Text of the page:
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BOOK REVIEWS recently proven so prolific that it poses an overwhelming challenge to any author. But Joyce's Metamorphosis raises a perplexing question: Dare one ignore a quarter century of revolutionary scholarship when publishing a new book on Joyce? Perhaps a critic as astute and intelligent as Stanley Sultan might be sufficiently skilled to bring it off. Suzette A. Henke ______________ University of Louisville Lawrence & Lacan Earl Ingersoll. D. H. Lawrence, Desire, and Narrative. Gainesville: University Press of Florida, 2001. xi + 197 pp. $55.00 EARL INGERSOLL'S compelling Lacanian interpretation of four of the major novels of D. H. Lawrence, as well as his revaluation of the significance of the minor novel Mr Noon, represents a study that he has invested the past ten years in completing. He provides an innovative reading of Lawrence as a postmodern writer, offering new readings of The White Peacock, Sons and Lovers, The Rainbow, Women in Love, and Mr Noon in support of his position that Lawrence studies have suffered from the failure of Lawrence scholars to examine the author within a postmodernist or deconstructionist framework. To overcome this neglect and to place Lawrence within the canon of postmodernist authors, Ingersoll uses Lacan's interpretation of the rhetorical and linguistic constructs of metaphor and metonymy as they reflect post-Freudian psychoanalytic theory as keys to providing the understanding of what many critics have considered serious flaws in Lawrence's narrative structure and character development. Specifically, Ingersoll sees his study as providing a new perspective from which to address the problems of discourse and closure that have arisen from previous readings of Lawrence. In adapting Lacan's interpretation of metaphor, metonymy, desire and gaze in their psychoanalytic constructs, he proposes to resolve many of the troublesome ambiguities of style and meaning previously projected in non-Lacanian readings of Lawrence's work. D. H. Lawrence, Desire, and Narrative begins with Ingersoll's provision of a brief but meticulous survey of leading Lacanian, feminist, and post-Freudian psychoanalytic approaches to literary criticism in general , focusing particularly upon the work of Kristeva, Jakobson, Brooks, Cixous, Foucault and Derrida. He also addresses a number of cinematic approaches that depend upon such Lacanian terms as "gaze" and "de487 ELT 45 : 4 2002 sire" and their function in narrative, principally those of Laura Mulvey and John Ellis, and elaborates upon their usefulness in appreciating and understanding Lawrence's narrative style. This survey, in itself, represents a valuable tool for understanding the significance of poststructuralism and its influence on late twentieth-century literary criticism . He laments the bogging down of Lawrence criticism in the still popular , traditional biographical and "structuralist" approaches to his work. These vacillate, he suggests, between the "pop-Freudian," the traditional biographical and the "trendy" journalistic biographical approaches that the trade houses have embraced in the wake of "Womanist" studies and the discovery of a popular audience that feeds on intimate, gossipy, revelation. He cites, as the most recent contributions of this kind, the studies of Frieda Lawrence's influence on her husband by Janet Byrne and Brenda Maddox. Such a direction, he proposes, while ranging in importance and value in view of the insight it provides into the evolution of Lawrence the writer as well as Lawrence the man, "has taken its toll on Lawrence studies." The result has been Lawrence's exclusion from his rightful place in poststructuralist or postmodernist criticism. More significantly, he posits, it has resulted in a virtual ignoring of Lawrence's work by Lacanian critics. This is lamentable, Ingersoll argues, because Lacanian theory provides a valuable means to move Lawrence studies away from problematic psychoanalytic approaches to his work with their anchorage or allegiance either to Freud or to Jung toward a more contemporary postFreudian acceptance and validation. His arguments for his position are convincingly developed; nevertheless, they are not altogether sustained if one considers the admirable body of work undertaken in Europe and in the United Kingdom over the past fifteen years under the leadership of Ginette Roy (University of Paris X-Nanterre) and of Peter Preston (University of Nottingham's D. H. Lawrence Institute). Each has acted as a conduit to encourage new directions in Lawrence studies and has, indeed, been...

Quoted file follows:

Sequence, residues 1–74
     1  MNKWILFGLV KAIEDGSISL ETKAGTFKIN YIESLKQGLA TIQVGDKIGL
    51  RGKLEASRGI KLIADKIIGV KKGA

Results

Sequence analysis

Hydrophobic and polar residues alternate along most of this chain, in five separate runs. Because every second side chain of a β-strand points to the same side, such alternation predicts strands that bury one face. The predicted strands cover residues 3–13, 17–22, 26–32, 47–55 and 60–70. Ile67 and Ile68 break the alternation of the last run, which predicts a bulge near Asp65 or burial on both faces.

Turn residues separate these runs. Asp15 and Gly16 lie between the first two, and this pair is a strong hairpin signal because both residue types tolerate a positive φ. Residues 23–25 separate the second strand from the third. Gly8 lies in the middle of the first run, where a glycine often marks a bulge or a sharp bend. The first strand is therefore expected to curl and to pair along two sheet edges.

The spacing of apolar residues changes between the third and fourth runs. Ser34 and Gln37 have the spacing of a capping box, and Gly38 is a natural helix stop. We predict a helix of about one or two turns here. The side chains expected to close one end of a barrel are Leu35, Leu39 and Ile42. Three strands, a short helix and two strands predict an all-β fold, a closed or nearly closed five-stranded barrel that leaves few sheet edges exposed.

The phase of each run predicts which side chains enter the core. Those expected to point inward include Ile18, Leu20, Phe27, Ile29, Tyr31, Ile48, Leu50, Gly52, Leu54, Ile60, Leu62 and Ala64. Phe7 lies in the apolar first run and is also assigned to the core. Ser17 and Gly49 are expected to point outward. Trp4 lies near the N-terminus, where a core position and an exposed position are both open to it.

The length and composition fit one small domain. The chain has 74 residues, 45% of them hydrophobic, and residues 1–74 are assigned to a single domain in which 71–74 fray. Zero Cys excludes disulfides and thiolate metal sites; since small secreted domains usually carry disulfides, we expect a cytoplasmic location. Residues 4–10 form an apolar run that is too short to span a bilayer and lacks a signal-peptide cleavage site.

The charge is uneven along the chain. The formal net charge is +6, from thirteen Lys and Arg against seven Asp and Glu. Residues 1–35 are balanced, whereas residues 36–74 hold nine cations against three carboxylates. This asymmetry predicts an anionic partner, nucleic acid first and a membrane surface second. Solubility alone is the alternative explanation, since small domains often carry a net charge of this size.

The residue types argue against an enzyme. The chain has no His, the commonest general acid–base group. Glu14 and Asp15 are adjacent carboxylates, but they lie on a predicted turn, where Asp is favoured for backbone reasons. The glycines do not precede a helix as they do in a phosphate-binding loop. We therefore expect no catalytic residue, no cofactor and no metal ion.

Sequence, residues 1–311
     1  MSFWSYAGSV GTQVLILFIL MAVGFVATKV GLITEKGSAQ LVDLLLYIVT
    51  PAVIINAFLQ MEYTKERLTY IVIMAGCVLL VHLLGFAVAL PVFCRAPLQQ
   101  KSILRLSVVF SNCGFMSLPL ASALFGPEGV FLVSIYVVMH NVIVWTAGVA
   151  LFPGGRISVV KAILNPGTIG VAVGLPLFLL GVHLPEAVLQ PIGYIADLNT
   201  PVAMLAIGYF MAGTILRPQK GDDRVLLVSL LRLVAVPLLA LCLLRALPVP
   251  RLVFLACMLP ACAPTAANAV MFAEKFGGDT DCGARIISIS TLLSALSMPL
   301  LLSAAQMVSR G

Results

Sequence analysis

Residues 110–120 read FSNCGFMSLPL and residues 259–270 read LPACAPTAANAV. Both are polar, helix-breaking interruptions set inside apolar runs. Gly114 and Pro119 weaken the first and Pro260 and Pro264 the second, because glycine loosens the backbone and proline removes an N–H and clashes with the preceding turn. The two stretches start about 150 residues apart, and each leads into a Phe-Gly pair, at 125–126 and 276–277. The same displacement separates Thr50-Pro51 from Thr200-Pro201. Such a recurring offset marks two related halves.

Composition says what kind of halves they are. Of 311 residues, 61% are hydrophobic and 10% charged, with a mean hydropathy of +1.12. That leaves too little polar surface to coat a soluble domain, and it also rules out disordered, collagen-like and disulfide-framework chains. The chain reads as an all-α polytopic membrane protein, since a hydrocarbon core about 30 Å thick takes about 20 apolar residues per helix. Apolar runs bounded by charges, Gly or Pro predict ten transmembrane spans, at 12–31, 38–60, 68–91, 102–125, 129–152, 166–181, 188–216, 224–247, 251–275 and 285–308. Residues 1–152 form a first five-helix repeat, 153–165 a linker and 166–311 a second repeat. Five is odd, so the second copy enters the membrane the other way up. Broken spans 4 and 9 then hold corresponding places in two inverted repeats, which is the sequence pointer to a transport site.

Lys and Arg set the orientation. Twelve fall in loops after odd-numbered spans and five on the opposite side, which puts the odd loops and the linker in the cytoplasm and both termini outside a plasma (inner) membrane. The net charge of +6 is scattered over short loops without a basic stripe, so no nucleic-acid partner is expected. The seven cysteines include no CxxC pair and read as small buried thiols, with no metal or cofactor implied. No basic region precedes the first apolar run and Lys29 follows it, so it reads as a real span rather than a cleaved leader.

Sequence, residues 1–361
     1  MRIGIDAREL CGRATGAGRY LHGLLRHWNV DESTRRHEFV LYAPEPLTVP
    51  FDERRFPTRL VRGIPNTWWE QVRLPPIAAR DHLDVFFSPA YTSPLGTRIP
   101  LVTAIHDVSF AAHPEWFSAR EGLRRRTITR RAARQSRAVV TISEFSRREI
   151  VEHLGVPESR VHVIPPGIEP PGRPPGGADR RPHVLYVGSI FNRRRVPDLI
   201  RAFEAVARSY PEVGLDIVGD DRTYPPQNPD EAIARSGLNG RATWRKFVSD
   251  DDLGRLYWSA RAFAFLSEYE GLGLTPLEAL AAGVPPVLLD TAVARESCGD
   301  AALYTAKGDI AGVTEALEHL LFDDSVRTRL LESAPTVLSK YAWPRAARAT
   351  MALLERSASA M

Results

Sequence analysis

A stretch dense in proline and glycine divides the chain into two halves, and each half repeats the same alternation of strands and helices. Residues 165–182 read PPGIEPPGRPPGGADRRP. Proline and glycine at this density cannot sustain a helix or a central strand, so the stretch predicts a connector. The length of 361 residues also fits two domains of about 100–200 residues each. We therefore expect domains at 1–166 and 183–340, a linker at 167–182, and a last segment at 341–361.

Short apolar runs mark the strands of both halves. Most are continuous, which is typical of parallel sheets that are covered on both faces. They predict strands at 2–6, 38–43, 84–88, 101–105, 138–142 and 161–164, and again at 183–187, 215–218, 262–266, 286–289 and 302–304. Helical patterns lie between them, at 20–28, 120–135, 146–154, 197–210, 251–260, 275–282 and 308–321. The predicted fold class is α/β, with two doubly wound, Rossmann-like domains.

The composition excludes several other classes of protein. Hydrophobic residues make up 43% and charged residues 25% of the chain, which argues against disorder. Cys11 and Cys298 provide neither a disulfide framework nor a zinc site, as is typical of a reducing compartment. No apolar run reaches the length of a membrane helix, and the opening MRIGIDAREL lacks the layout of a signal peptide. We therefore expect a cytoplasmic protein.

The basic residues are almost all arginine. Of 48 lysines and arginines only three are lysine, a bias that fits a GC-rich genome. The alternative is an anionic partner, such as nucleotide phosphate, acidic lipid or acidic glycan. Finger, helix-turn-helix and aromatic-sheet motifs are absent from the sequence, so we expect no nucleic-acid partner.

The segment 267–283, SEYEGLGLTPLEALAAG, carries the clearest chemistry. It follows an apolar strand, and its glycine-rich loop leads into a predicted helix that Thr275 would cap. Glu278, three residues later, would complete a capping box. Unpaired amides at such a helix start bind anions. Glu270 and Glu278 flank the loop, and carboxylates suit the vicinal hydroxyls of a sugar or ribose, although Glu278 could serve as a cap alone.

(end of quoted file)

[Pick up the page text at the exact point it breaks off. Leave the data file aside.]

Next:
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pp. 487-490
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Will Be Archived 2021
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